|Trade names||Tasigna, others|
|Defined daily dose||not established |
|Metabolism||Liver (mostly CYP3A4-mediated)|
|Elimination half-life||15-17 hours|
|Chemical and physical data|
|Molar mass||529.527 g·mol−1|
|3D model (JSmol)|
|(what is this?)|
Nilotinib, sold under the brand name Tasigna, is a medication used to treat chronic myelogenous leukemia (CML) which has the Philadelphia chromosome. It may be used both in initial cases of chronic phase CML as well as in accelerated and chronic phase CML that has not responded to imatinib. It is taken by mouth.
Common side effects may include low platelets, low white blood cells, anemia, rashes, vomiting, diarrhea, and joint pains. Other serious side effects may include QT prolongation, sudden death, pancreatitis, and liver problems. It is not safe for use during pregnancy. Nilotinib is a Bcr-Abl tyrosine kinase inhibitor and works by interfering with signalling within the cancer cell.
Nilotinib was approved for medical use in the United States in 2007. It is on the World Health Organization's List of Essential Medicines. In the United Kingdom it costs the NHS £2,433 per month as of 2018. In the United States this amount costs US$14,368 as of 2019.
Nilotinib has a number of side effects including headache, fatigue, gastrointestinal problems such as nausea, vomiting, diarrhea and constipation, muscle and joint pain, rash and other skin conditions, flu-like symptoms, and reduced blood cell count. Less typical side effects are those of the cardiovascular system, such as high blood pressure, various types of arrhythmia, and prolonged QT interval. Nilotinib can also affect the body's electrolyte and glucose balance. Though lung-related adverse effects are rare when compared with imatinib and dasatinib, there is a case report of acute respiratory failure from diffuse alveolar hemorrhage in a people taking nilotinib.
Nilotinib carries a black box warning in the United States for possible heart complications. Contraindications include long QT syndrome, hypokalaemia, hypomagnesaemia, pregnancy, planned pregnancy, lactation and galactose/lactose intolerance.
- Tumour lysis syndrome
- Liver impairment
- History of pancreatitis
- Check serum lipase periodically in order to detect pancreatitis
- Total gastrectomy
- Avoid pregnancy or impregnating women
Dose reduction has been recommended in people with liver problems which involves recommendation of lower starting dose and monitoring of any hepatic function abnormalities.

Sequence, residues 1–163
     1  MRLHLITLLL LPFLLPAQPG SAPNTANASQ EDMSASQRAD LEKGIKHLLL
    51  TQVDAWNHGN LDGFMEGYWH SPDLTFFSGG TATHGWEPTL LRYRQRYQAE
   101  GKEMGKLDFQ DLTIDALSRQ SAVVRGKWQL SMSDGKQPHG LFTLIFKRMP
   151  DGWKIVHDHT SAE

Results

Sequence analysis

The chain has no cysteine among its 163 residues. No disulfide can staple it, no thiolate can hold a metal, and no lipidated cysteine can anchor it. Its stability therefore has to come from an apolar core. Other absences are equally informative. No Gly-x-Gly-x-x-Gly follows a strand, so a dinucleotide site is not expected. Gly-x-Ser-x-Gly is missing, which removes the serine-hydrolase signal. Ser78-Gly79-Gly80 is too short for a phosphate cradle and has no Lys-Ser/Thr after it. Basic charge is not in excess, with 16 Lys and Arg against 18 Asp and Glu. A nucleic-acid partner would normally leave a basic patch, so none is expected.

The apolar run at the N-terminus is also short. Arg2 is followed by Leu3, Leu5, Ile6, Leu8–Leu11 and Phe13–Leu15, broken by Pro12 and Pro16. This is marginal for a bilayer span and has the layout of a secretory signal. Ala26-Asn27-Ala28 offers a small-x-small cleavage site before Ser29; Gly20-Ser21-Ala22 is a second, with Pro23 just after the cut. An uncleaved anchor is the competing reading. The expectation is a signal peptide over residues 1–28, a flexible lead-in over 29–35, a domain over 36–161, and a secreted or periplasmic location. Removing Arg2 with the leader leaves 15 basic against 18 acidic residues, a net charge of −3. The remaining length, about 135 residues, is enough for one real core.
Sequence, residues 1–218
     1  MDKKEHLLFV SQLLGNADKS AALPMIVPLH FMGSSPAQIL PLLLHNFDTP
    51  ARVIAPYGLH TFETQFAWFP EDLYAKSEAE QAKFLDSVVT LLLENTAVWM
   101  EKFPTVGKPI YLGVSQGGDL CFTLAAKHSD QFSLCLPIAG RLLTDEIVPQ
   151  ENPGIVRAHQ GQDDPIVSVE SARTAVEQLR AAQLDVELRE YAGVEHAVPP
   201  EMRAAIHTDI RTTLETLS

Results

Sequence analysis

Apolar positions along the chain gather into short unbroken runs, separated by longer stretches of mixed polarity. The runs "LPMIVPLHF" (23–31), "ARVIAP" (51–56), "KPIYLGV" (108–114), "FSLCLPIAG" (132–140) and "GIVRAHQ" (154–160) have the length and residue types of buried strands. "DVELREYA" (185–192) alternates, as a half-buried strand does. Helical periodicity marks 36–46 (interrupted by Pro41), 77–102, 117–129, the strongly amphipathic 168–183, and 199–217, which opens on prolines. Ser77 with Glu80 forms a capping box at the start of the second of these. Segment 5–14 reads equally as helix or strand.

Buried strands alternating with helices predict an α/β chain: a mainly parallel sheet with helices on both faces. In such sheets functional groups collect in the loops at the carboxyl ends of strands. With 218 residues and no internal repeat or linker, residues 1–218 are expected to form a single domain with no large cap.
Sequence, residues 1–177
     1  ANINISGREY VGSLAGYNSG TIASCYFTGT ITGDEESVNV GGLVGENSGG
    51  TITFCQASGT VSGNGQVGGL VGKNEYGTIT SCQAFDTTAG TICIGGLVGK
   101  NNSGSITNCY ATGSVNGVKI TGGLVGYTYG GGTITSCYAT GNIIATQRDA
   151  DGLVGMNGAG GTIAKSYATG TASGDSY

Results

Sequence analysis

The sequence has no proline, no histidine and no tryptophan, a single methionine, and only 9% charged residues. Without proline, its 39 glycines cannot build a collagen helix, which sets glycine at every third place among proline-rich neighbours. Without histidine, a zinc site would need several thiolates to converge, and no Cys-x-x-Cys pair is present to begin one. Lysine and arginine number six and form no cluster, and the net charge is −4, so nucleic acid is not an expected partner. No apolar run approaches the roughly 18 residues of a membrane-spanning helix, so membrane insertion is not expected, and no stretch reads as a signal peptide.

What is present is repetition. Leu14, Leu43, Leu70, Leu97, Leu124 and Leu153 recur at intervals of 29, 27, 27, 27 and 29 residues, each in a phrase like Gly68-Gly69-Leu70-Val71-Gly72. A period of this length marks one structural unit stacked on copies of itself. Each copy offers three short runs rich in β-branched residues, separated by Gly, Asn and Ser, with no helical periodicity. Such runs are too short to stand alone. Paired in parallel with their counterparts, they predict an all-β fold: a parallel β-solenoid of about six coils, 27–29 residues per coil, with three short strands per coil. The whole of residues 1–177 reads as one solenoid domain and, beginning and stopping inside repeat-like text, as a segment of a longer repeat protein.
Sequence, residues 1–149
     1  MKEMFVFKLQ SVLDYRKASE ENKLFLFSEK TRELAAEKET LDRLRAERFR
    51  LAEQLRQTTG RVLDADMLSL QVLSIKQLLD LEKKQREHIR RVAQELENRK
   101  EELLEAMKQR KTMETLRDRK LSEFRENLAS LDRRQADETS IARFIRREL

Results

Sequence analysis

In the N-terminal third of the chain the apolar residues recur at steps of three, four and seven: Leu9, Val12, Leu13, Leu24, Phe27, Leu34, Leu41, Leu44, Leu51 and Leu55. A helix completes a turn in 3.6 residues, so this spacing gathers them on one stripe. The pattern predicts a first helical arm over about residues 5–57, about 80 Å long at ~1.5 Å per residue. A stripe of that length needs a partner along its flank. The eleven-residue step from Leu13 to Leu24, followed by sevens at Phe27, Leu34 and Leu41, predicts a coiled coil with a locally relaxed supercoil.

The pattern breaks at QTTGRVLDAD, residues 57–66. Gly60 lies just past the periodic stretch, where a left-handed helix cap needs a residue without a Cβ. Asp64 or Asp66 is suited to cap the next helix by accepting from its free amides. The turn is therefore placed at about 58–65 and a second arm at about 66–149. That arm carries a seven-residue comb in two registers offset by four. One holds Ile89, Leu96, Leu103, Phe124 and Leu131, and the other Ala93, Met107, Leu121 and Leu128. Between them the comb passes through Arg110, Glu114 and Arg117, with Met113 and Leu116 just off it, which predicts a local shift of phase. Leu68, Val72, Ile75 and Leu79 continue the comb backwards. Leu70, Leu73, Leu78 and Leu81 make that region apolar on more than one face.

Nilotinib has been reported as a substrate for OATP1B1 and OATP1B3. Interaction of nilotinib with OATP1B1 and OATP1B3 may alter its hepatic disposition and can lead to transporter mediated drug-drug interactions. Nilotinib is an inhibitor of OATP-1B1 transporter but not for OATP-1B3.
It is a substrate for CYP3A4 and hence grapefruit juice and other CYP3A4 inhibitors will increase its action and inducers like St. John's wort will decrease it. Patients report that pomegranates and starfruit may also interfere.
Food should not be eaten two hours before or one hour afterwards because it unpredictably increases its bioavailability, approximately doubling it.
Society and culture
There is weak evidence that nilotinib may be beneficial with Parkinson's disease (PD), with a small clinical trial suggesting it might halt progression and improve symptoms. However, there were significant side effects including infection, liver function tests abnormalities, hallucinations and heart attack, and the benefit in PD disappeared at follow up after drug discontinuation, raising question as to whether it was truly a disease modifying therapy. Nilotinib is currently undergoing phase II studies for treatment of Parkinson's. Scientists and medical professionals have advised caution with over-optimistic interpretation of its effects in Parkinson's due to the significant media hype surrounding the small and early clinical trial. Dystonia and cognitive impairment have also been reported as side effects.
Novartis announced on April 11, 2011 that it was discontinuing a phase III trial of nilotinib as the first-line treatment of gastrointestinal stromal tumor (GIST) based on the recommendation of an independent data monitoring committee. Interim results showed Tasigna is unlikely to demonstrate superiority compared to Novartis's Gleevec (imatinib)*, the current standard of care in this setting.
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